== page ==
^See: Problems of Ancient India, 2000, p 5-6; cf: Geographical Data in the Early Puranas, p 168.
^Hindu Polity: A Constitutional History of India in Hindu Times, Parts I and II., 1955, p 52, Dr Kashi Prasad Jayaswal - Constitutional history; Prācīna Kamboja, jana aura janapada =: Ancient Kamboja, people and country, 1981, Dr Jiyālāla Kāmboja - Kamboja (Pakistan).
^Studies in Skanda Purana, 1978, p 59, A. B. L. Awasthi.
^ abHindu Polity, 1978, pp 121, 140, K. P. Jayswal.
^War in Ancient India, 1944, p 178, V. R. Ramachandra Dikshitar - Military art and science.
^The Indian Historical Quarterly, 1963, p 103; The Achaemenids in India, 1950, p 47, Sudhakar Chattopadhyaya; Poona Orientalist: A Quarterly Journal Devoted to Oriental Studies, 1945, P i, (edi) Har Dutt Sharma; The Poona Orientalist, 1936, p 13, Sanskrit philology
^"Par ailleurs le Kamboja est régulièrement mentionné comme la "patrie des chevaux" (Asvanam ayatanam), et cette reputation bien etablie gagné peut-etre aux eleveurs de chevaux du Bajaur et du Swat l'appellation d'Aspasioi (du v.-p. aspa) et d'assakenoi (du skt asva "cheval")". E. Lamotte, Historie du Bouddhisme Indien, p. 110. (WP translation. Quotation should be taken from the published English translation: Lamotte 1988, p. 100)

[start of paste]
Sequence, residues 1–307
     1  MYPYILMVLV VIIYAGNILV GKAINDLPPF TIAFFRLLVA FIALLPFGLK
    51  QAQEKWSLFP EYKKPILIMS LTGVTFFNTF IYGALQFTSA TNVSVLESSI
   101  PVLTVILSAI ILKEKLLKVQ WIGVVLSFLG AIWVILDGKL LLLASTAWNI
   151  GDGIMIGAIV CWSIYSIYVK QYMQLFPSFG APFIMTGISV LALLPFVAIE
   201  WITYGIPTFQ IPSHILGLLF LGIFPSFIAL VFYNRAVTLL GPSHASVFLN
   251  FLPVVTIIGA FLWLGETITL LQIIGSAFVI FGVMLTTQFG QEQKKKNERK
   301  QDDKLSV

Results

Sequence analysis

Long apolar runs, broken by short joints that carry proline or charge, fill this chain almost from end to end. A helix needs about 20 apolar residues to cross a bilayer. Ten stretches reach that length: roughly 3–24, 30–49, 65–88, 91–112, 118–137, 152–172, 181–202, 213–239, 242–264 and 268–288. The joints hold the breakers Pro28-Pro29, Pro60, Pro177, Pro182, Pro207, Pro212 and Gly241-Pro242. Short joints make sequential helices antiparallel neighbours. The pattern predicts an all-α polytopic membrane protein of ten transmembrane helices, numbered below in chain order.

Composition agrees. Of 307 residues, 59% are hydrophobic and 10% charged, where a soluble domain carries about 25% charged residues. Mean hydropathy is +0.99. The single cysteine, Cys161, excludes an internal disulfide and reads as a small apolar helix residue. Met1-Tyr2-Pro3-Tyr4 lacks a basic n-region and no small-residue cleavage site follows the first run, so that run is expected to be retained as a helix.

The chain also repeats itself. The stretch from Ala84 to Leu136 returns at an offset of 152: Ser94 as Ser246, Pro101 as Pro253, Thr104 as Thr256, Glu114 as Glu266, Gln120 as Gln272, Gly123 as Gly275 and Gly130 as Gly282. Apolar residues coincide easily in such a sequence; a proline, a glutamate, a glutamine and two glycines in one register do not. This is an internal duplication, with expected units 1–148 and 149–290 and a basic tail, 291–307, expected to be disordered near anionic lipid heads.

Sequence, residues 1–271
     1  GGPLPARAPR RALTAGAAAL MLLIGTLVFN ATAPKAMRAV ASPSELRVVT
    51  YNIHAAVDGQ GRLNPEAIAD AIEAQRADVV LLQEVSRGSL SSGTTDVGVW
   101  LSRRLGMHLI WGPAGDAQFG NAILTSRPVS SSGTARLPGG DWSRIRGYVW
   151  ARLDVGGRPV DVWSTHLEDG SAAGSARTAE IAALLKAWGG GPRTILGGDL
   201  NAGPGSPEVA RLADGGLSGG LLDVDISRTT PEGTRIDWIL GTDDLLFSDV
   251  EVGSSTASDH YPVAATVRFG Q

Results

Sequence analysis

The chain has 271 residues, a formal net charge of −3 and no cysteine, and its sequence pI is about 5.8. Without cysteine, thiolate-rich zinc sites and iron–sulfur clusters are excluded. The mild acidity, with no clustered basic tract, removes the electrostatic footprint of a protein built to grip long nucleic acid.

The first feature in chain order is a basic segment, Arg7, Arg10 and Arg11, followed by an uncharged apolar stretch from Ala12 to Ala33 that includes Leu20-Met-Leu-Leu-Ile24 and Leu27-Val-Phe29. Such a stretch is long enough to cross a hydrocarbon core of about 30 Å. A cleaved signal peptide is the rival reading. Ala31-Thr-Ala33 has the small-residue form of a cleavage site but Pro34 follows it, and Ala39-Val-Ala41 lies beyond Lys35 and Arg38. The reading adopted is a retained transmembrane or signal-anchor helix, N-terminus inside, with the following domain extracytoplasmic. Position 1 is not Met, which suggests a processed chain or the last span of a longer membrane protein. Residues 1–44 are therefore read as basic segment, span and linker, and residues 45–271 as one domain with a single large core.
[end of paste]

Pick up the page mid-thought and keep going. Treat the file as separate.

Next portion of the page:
^Panjab Past and Present, pp 9-10; also see: History of Porus, pp 12, 38, Buddha Parkash
^Proceedings, 1965, p 39, by Punjabi University. Dept. of Punjab Historical Studies - History.
^De Sélincourt, A., & Hamilton, J. (1971, 2003). Arrian: The Campaigns of Alexander. Harmondsworth: Penguin. Book IV, pp. 244
^History of Punjab, 1997, Editors: Fauja Singh, L. M. Joshi
^See: Corpus Inscriptionum Indicarum, Vol II, Part I, p xxxvi; see also p 36, Sten Konow; Indian Culture, 1934, p 193, Indian Research Institute; Cf: Journal of the Royal Asiatic Society of Great Britain and Ireland, 1990, p 142, Royal Asiatic Society of Great Britain and Ireland - Middle East.